by John Dunham, advicesisters.com wine columnist
A Virtual Wine Tasting With Snooth.com
Its been a few months since the Advice Sisters last attended a Snooth.com virtual wine tasting. These events are held every few months by Snooth.com, an on-line community for wine lovers. By hosting these tastings, Snooth.com allows community members to interact with wineries, stores, fellow wine lovers, and wine professionals in real time from all over the world. For us, the Snooth.com virtual wine tastings provide an opportunity to drink some wines we might not have heard about, and learn from experts that we would not normally have contact with. Its also an opportunity to invite some of our fellow wine lovers to try something new.
Muriettas Well Winery:
This tasting featured four wines from Murrieta’s Well, a historic winery that is part of Wente Vineyards, in Livermore, California based producer that is considered to be the oldest continuously operating, family-owned winery in the United States. The virtual tasting was hosted by Snooth co-founder Mark Angelillo and featured Murrieta’s Well winemaker Robbie Meyer.
Before we discuss the wines, we wanted to note that while Wente is a fairly good sized producer, the Murrieta’s Well bottlings are all small production, and may not be generally available in all areas. Snooth.com sent us the wines for the review.
Generally, for Snooth’s virtual tastings, the wines being sampled will be available through retailers linked on Snooth.com. If your state does not allow for direct shipment, this is a good way to find smaller production wines. For states with direct shipment, the wines from this tasting are available direct from the winery at https://murrietaswell.com/wines.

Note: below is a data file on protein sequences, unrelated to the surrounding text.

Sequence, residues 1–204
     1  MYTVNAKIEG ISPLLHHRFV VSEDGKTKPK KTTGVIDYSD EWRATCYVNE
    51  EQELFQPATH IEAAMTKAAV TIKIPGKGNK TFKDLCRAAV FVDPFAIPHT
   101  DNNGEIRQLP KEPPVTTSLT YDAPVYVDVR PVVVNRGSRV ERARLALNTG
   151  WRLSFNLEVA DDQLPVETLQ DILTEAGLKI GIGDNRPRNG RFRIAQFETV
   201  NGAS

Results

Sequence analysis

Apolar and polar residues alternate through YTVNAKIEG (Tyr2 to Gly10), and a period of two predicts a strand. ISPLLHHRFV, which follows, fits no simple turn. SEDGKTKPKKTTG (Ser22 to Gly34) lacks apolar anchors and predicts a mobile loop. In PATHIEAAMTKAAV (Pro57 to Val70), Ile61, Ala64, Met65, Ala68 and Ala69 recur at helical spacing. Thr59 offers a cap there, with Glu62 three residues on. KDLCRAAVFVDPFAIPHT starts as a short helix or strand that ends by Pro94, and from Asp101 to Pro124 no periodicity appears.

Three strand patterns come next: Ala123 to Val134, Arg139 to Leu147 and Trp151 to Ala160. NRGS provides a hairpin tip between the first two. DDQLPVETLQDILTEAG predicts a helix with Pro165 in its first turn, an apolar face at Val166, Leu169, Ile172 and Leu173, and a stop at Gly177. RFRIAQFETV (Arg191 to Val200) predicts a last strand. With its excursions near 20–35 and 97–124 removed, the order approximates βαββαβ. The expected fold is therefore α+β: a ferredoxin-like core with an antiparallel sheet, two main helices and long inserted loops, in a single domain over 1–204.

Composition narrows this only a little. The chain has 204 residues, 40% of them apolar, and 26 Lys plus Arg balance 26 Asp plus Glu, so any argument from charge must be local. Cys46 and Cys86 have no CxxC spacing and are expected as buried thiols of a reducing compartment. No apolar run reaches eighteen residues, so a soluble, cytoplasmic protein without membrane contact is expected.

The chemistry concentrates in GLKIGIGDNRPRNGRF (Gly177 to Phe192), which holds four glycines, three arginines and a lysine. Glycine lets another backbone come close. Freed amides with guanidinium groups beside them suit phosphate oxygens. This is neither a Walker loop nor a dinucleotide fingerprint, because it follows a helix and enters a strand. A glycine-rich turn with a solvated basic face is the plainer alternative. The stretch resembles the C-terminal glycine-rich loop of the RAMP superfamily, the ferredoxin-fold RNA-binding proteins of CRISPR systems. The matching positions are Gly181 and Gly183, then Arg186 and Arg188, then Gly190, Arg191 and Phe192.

How to Prepare for a Virtual Wine Tasting:
Preparing for a virtual wine tasting is similar to hosting one yourself – but with the added plus that you don’t need to learn about and research the wines in advance. Snooth.com is a great place to find these tastings, but other sites host them as well.
While we love working with Snooth.com and connecting with like-minded others around the world, if you are so inclined you can even host your own virtual tasting with friends and family. All you need is a twitter account and skype.
To prepare for a DIY Virtual Wine Tasting Do These Five Things:
First, sign up and second invite a few friends over. We have found that you need at least 4 people (remember you will be sampling 4 to 5 wines). You don’t want to invite too many. We’ve done tastings with a dozen people and they simply degenerate into a party, so probably 8 people for a tasting would be a maximum.
Next, you will need to determine what wines are going to be tasted and purchase enough for the number of people attending. Generally, you will be tasting 4 or 5 wines, so if everyone has a glass of each they will be drinking a whole bottle (that is if they don’t spit and honestly who does at a friend’s tasting). *if this is virtual everyone is buying their own wine but having friends there in person is part of the fun, We also recommend having a “starter wine” for those who come early.